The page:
In normal times central banks move short-term interest rates via “open-market operations”: by buying or selling securities, they supply or subtract reserves from the banking system. The quantity of reserves that banks hold is a secondary consideration; the real target is the interest rate. A lower rate, for example, encourages spending and investment, boosting the economy. In times of severe economic distress, however, rates may fall to zero. Cue QE. When the Bank of Japan (BoJ) pioneered QE in 2001, its goal was to buy enough securities to create a desired quantity of reserves (hence, “quantitative easing”). Its actions, it hoped, would raise asset prices and end deflation. (via Quantitative easing: QE, or not QE? | The Economist)
- QE has now come to refer to several flavours of asset-purchase programme. One version is often called “credit easing”. The aim is to support the economy by boosting liquidity and reducing interest rates when credit channels are clogged. The Fed’s purchases of mortgage-backed securities, demand for which weakened sharply during the financial crisis, fall into this category.
- Another type of asset purchase aims to boost the economy without creating new money. The Fed’s ongoing “Operation Twist” is an example: the Fed sells short-term debt and uses the proceeds to buy long-term debt. Giving investors cash for long-term debt should prompt them to invest more money in other assets.
- QE proper is a third type. The most straightforward way this is meant to help the economy is through “portfolio rebalancing”. The investors who sell securities to the central bank then take the proceeds and buy other assets, raising their prices. Lower bond yields encourage borrowing; higher equity prices raise consumption; both help investment and boost demand. To the extent that investors add foreign assets, portfolio rebalancing also weakens the domestic currency, fuelling exports.
- If a central bank is expected to hold on to the government debt it buys, then QE can also support the economy by cutting government-borrowing costs and reducing the future burden of taxation. It can work by changing expectations, too. A promise to keep short-term interest rates low for a long time may be more credible if it is accompanied by QE, since the central bank is exposing itself through its holdings to the risk of a rise in interest rates.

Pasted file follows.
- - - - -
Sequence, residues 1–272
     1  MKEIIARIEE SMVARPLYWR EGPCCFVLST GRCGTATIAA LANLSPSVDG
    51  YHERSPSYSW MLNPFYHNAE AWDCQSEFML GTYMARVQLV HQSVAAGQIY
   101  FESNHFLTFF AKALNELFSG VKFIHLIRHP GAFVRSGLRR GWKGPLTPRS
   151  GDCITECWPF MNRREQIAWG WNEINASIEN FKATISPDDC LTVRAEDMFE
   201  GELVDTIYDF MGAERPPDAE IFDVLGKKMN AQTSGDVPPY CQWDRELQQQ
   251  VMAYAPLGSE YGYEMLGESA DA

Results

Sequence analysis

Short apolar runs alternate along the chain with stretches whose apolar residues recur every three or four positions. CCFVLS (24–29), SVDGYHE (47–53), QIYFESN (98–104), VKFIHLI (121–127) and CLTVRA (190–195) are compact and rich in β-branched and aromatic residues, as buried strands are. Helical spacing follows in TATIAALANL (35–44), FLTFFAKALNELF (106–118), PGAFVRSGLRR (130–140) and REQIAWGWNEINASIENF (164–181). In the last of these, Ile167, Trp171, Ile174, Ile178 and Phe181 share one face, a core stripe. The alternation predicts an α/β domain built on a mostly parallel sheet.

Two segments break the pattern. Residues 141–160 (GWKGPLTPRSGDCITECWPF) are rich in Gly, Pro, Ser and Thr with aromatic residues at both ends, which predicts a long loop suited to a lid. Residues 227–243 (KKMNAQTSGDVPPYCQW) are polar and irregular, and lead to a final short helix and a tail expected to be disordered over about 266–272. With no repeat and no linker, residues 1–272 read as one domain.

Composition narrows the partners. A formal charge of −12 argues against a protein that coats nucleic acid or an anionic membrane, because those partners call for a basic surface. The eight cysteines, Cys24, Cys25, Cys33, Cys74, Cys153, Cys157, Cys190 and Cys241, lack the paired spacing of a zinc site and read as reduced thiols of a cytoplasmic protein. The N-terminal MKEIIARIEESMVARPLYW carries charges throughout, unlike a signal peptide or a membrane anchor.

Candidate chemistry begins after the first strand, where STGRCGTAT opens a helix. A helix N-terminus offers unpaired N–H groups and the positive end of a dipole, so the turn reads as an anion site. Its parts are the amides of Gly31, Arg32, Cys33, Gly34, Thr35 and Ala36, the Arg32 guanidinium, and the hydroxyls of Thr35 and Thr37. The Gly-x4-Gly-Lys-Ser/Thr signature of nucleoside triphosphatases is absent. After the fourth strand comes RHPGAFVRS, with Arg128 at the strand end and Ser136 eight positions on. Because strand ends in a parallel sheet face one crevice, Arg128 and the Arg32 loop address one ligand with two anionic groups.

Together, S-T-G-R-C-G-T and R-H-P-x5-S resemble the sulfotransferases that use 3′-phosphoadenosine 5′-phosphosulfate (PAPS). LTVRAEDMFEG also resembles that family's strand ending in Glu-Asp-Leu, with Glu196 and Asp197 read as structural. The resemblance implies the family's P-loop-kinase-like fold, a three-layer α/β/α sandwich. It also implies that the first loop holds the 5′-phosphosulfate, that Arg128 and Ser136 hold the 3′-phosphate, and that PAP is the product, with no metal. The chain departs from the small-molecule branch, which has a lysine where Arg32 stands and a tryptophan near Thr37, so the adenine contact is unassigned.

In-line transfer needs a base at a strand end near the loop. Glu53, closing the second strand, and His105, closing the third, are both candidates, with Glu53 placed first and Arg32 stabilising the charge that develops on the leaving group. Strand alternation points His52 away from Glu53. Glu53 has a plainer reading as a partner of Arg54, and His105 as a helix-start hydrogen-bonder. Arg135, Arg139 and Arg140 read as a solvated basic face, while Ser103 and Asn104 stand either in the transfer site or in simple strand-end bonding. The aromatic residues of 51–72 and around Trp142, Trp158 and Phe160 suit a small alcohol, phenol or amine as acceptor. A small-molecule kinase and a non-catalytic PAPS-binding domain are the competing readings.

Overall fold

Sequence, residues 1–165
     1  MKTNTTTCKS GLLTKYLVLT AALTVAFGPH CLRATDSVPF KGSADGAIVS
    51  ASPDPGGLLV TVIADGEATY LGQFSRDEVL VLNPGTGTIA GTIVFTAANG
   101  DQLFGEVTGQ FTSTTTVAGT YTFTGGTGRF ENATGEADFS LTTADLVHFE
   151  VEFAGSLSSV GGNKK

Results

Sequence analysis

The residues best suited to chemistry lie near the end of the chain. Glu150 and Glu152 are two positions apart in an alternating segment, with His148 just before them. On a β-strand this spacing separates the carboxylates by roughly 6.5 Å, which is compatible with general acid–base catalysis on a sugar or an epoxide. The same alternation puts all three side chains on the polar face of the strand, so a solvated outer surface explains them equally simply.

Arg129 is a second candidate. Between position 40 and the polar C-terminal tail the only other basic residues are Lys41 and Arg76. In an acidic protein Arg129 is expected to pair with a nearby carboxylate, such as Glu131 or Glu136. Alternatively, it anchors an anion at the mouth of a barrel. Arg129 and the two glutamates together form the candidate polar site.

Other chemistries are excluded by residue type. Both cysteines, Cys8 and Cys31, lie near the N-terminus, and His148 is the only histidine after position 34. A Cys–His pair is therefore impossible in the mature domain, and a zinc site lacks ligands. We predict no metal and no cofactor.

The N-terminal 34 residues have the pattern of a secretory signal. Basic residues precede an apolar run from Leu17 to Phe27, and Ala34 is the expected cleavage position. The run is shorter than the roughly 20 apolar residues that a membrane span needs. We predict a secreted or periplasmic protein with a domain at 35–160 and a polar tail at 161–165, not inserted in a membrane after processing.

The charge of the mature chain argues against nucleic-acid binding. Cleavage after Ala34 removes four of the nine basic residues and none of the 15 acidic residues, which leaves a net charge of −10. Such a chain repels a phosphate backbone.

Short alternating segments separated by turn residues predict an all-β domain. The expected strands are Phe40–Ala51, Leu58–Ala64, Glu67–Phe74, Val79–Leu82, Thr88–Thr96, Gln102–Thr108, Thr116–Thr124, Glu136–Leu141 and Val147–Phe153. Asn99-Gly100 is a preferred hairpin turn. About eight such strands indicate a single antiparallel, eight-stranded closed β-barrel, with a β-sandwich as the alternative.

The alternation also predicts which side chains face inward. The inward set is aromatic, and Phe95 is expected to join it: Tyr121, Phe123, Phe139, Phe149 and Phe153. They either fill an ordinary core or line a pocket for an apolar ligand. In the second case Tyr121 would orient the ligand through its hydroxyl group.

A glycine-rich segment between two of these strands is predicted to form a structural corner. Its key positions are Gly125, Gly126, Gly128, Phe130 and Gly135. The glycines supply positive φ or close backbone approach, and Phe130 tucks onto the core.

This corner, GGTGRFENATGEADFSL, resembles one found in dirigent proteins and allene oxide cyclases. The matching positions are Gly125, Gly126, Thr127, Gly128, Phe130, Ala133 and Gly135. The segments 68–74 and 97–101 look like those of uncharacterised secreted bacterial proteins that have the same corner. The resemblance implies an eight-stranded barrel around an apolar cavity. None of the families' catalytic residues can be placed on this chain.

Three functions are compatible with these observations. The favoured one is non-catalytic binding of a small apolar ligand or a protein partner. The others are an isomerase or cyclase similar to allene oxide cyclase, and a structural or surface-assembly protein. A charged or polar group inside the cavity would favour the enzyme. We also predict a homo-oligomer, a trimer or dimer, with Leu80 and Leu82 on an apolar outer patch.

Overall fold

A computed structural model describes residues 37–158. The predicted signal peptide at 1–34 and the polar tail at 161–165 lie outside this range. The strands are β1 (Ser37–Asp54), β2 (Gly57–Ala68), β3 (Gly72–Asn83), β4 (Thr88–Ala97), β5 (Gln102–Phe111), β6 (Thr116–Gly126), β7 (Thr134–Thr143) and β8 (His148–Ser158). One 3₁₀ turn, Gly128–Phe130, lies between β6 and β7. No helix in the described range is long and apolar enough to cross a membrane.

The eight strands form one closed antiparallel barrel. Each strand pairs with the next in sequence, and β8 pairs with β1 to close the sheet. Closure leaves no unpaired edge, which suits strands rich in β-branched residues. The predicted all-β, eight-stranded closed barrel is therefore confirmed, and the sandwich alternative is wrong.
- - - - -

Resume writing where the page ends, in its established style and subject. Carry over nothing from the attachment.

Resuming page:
Yet in the minds of many critics, even such gains do not justify the risks, great and small, of large-scale asset purchases. Three dangers stand out.
- The first threat is to the function of some financial markets. The Bank for International Settlements (BIS) argued in its recent annual report that huge growth in bank reserves was driving overnight-lending rates to zero, causing the market for unsecured overnight lending to atrophy. Since the unsecured overnight rate has been the principal policy lever for central banks, this development could, the BIS warns, make it hard for them to rein in inflation in the future. The risk can be mitigated, however. In late 2008 the Fed began paying interest on the reserves held by banks over and above the minimum required. Raising the rate of interest paid on excess reserves can make new bank loans less attractive, thus tempering overall credit creation. This tool represents a means to check inflation despite the breakdown in unsecured markets.
- A second risk from QE is of distortions in the market for government debt. The borrowing costs of some governments are extraordinarily low—an auction of ten-year Treasuries on July 11th produced record-low yields. A flight to safety is a contributing factor, but it seems that markets either anticipate decades of abysmal economic growth, or the risk premium for holding long-dated bonds is unsustainably low, thanks in part to central-bank purchases. Any adjustment may be sudden and have unpredictable consequences.
- A related concern is that QE is reducing market pressure on sovereigns that would otherwise face higher interest rates and a corresponding need to deal responsibly with their public finances. This is not a concern to take lightly. A central bank can lose control over inflation if the market has lost confidence in the sovereign and the bank is forced into buying government debt. On the other hand, a central bank that neglected its duties to play fiscal watchdog could risk its independence.